“There is so much informational content in the price,” he says. “The economy in general is this information system of telling people to invest here, buy that, because they’re telling you how much something is worth. Auctions are the means by which those price signals are formed and a way of organizing transactions.”

The economy in general is this information system of telling people to invest here, buy that, because they’re telling you how much something is worth.

While auctions are intended to exploit competition, they promote fair competition when designed properly, according to Wilson.

“In many people’s minds, an auction is the standard for fairness,” he says. “The thing about an auction is it's a set of rules that can be applied in almost any circumstance. So if the participants show up, they know what to do, they can submit their bids or offers and we have a set of rules that resolve the transactions.”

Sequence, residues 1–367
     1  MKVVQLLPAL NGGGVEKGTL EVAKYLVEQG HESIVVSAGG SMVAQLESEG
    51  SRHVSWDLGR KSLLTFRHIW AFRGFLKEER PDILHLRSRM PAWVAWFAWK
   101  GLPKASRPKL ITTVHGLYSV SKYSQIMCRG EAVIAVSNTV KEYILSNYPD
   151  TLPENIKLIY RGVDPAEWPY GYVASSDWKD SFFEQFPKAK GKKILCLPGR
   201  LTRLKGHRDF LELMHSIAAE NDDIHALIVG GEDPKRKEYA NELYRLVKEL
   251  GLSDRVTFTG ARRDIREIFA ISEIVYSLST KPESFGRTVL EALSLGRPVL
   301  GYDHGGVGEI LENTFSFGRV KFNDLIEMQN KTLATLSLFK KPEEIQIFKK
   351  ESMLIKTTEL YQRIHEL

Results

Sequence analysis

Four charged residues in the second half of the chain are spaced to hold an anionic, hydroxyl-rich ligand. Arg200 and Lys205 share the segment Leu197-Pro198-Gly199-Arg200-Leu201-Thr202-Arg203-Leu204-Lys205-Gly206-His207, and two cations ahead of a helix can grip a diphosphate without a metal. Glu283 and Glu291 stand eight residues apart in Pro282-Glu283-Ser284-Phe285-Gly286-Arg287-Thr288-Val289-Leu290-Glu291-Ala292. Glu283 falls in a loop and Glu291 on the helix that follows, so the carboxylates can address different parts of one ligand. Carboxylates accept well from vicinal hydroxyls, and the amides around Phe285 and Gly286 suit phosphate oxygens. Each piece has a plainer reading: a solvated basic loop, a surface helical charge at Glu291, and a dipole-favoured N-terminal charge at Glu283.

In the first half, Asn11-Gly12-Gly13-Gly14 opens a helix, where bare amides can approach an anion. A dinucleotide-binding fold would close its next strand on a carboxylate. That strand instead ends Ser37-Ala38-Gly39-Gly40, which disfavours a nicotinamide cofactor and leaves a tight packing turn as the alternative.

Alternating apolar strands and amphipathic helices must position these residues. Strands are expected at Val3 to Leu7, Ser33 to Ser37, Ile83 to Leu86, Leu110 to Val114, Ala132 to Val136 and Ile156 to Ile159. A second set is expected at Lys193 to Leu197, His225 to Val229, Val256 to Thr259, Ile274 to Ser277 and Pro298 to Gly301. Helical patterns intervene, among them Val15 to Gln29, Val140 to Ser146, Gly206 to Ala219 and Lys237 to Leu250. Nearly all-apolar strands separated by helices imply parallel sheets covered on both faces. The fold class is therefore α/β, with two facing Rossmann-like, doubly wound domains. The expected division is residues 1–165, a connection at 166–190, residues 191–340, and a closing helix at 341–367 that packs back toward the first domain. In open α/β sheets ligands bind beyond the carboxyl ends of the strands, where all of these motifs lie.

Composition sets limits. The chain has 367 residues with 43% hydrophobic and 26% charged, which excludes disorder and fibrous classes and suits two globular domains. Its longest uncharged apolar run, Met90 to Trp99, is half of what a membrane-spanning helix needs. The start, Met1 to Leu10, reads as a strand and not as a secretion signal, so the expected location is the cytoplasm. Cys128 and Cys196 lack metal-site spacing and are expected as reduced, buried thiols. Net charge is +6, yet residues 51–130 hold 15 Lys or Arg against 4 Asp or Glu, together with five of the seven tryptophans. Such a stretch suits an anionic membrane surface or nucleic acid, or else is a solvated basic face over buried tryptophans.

The Theory of Auctions

How can auctions help to solve the winner's curse?

Wilson began looking for industries in which he saw an opportunity for auctions to solve for the inefficiency created by information asymmetry. A paper from the Harvard Business School that focused on oil exploration particularly piqued his interest. The Department of Interior in the United States had been using auctions for oil leases but the bidding system gave huge preference to the firms who had already drilled versus any newcomers looking to join the bid.

What is the winner’s curse and what was Wilson’s solution for it?

“I developed a model that gave an explanation of what we call the winner's curse,” says Wilson. “It’s one in which the bidder with the highest estimate of this value tends to be the one that wins it and if they don't recognize the bias in the fact that they overestimate, then they could lose money.”